With a locked savings account in ANZ, you know your savings will grow because you can’t access the money. You can also qualify for a bonus when you deposit at least $10 per month and don’t make any withdrawals. To help you with this further you can set up an automatic transfer from your regular ANZ savings or transaction account so you don’t forget to make a monthly deposit.

Your ANZ locked savings account offers you a base interest rate of 0.1 per cent per annum plus an additional bonus interest of 0.49 per cent per year. The interest is calculated daily and credited to your account on the last working day of the month.

Should I open a Commonwealth locked savings account?

If you have trouble saving money, a Commbank locked savings account could be a potential solution. A locked savings account won’t let you make withdrawals and as such, it can help you grow your savings balance if you keep topping it up. 

The Commonwealth locked savings account advertises high-interest rates and minimal maintenance fees, along with a host of other incentives that will encourage you not to touch the money. 

The account offers a higher interest rate for each month that you make limited or no withdrawals, as well as regular deposits. 

To qualify for a Commonwealth locked savings account with the advertised features, you will need to fulfil specific criteria such as:

  • Depositing a fixed minimum amount into the account every month.
  • Making a fixed number of deposits each month.
  • Making a minimum or no withdrawals each month.
  • Maintaining a minimum account balance.

Who has the highest interest rates for savings accounts?

As banks frequently change their rates, the most accurate way to know who currently has the highest interest rate is to use a savings account comparison tool.

How much money should I have in my savings account?

A good rule of thumb when working out a minimum balance for your savings account is to make sure that you’ll earn more in annual interest on your savings than what you’ll be charged in annual fees.

If you’re saving with a specific goal in mind, prepare a budget so the interest you earn on your deposits will help you efficiently reach this goal. Online financial calculators may be helpful here.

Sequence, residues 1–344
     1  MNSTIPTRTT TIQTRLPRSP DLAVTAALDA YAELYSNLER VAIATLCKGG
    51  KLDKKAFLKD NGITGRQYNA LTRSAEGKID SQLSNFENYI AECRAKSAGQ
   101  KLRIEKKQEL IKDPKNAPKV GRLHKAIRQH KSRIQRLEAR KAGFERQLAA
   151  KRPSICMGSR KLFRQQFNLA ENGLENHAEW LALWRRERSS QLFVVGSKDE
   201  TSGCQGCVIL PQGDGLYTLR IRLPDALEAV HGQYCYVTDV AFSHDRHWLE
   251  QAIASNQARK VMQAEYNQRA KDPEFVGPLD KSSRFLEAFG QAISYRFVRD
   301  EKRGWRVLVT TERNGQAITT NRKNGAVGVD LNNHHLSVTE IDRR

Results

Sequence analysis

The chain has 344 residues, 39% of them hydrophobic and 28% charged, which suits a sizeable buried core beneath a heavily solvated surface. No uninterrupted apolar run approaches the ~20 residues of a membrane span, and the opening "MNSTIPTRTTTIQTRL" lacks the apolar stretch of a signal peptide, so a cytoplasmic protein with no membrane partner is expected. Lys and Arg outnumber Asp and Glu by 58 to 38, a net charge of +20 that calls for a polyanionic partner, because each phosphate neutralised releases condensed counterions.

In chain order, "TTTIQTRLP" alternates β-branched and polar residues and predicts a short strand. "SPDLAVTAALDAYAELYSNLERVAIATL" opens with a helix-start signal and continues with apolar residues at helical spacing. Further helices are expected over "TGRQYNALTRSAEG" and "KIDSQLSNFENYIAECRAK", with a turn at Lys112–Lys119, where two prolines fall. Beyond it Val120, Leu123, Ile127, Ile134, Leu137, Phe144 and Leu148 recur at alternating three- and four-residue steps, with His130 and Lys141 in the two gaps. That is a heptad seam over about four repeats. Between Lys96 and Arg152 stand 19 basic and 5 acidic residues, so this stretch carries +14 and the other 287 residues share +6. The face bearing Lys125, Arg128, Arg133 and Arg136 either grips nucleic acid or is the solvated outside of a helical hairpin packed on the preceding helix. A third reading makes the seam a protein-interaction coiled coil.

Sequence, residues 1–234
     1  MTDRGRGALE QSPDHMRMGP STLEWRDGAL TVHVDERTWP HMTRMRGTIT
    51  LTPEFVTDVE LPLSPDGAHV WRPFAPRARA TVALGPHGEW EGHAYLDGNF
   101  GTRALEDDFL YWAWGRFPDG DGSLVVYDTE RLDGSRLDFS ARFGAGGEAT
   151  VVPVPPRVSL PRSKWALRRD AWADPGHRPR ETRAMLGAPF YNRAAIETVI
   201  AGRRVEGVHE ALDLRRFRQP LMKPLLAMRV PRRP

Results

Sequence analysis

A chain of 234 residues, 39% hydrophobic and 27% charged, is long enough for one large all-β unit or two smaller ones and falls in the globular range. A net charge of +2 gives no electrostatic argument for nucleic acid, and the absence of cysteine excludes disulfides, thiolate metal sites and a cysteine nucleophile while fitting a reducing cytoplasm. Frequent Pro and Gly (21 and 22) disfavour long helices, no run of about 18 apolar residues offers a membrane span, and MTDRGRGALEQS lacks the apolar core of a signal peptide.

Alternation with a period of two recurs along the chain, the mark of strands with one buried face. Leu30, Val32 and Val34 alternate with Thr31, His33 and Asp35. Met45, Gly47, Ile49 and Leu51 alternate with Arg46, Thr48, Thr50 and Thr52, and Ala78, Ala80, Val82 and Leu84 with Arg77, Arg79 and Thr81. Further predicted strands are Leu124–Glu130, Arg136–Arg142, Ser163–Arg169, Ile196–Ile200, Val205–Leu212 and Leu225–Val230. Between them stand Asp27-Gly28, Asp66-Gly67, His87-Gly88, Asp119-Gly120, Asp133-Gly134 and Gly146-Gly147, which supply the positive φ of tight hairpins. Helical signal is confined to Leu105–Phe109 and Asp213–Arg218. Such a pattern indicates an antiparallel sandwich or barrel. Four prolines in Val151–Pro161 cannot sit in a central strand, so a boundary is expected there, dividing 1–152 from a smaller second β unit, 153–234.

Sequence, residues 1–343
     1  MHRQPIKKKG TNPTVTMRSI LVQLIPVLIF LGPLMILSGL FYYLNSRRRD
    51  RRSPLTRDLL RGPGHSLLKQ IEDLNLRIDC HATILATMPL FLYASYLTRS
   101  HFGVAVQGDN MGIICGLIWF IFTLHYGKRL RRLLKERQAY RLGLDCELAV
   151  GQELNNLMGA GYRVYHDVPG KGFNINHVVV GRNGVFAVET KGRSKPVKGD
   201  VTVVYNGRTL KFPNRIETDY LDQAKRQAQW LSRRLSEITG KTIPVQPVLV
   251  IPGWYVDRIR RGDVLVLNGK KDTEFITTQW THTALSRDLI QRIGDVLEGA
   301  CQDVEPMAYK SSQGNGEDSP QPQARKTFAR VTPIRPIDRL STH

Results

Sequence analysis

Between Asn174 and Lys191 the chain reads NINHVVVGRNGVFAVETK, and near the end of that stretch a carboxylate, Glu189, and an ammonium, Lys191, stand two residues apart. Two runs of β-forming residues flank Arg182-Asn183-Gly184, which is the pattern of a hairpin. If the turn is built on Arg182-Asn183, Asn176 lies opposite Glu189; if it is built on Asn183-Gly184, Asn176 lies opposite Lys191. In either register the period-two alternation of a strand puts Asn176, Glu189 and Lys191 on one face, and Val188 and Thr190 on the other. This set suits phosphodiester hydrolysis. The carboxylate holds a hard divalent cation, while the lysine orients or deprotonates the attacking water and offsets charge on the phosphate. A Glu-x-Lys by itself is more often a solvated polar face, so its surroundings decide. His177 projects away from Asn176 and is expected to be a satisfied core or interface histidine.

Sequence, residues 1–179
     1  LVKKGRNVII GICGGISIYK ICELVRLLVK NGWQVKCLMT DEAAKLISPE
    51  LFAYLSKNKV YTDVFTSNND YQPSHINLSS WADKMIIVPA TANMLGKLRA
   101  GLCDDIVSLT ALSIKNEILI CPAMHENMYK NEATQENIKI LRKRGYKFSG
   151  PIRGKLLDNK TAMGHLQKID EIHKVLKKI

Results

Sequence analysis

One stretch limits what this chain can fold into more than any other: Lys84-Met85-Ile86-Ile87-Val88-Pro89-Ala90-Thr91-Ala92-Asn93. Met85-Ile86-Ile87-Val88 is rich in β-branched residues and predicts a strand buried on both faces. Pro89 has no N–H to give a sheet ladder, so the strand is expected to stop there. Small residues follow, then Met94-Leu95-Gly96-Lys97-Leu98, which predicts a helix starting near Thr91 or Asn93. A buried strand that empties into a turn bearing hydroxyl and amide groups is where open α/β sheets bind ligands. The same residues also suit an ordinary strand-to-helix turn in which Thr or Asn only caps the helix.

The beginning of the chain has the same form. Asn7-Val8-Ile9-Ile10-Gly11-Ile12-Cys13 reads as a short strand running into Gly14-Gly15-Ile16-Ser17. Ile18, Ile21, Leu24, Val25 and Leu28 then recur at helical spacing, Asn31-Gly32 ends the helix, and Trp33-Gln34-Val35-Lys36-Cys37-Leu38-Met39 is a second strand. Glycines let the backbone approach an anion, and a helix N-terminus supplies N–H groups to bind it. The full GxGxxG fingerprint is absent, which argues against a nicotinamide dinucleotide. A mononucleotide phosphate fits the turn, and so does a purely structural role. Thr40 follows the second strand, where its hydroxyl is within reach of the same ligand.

Can you set up direct debits from a savings account?

It’s not usually possible to set up a direct debit from your savings account to cover ongoing expenses or bills, as savings accounts are structured around growing your wealth by earning interest on regular deposits, and discouraging withdrawals.

Some transaction accounts allow you to set up direct debits and also earn interest, though you may not enjoy as much flexibility as a dedicated transaction account, or get as high an interest rate as a dedicated savings account.

What is a Westpac locked savings account?

The Westpac locked savings account (also known as "Westpac Life") can help customers reach savings goals faster through bonus interest. Customers receive 0.2 per cent standard base interest with a variable bonus rate of 0.35 per cent when the closing balance at the end of the month is higher than the opening balance.

There are some conditions to earn the bonus interest on Westpac's locked savings account, though. First, you’ll need to increase the balance each month either through a deposit or not making any withdrawals, and then link it to a Westpac Choice account and make at least five eligible payments using your debit card. Please consult your bank as to what an eligible payment is. 

What are the two types of NAB locked savings accounts?

With a locked savings account in NAB, you can earn bonus interest and learn financial discipline. NAB offers two types of locked savings accounts, each with their own terms and conditions.

The NAB Reward Saver account pays a variable base interest rate of 0.05 per cent per annum and a bonus interest of 0.55 per cent. You’re eligible for the bonus if you make a minimum of one deposit on or before the second last banking day and have no withdrawals in the month.

Meanwhile, the NAB iSaver account provides 0.05 per cent as the standard base interest rate and a fixed bonus margin of 0.55 per cent during the first four months from the date of opening the account. You can park your cash in the account and enjoy unlimited monthly transfers between linked daily bank accounts without impacting the interest rate.

What is a savings account?

A savings account is a type of bank account in which you earn interest on the money you deposit. This makes it one of the easiest and safest investment tools.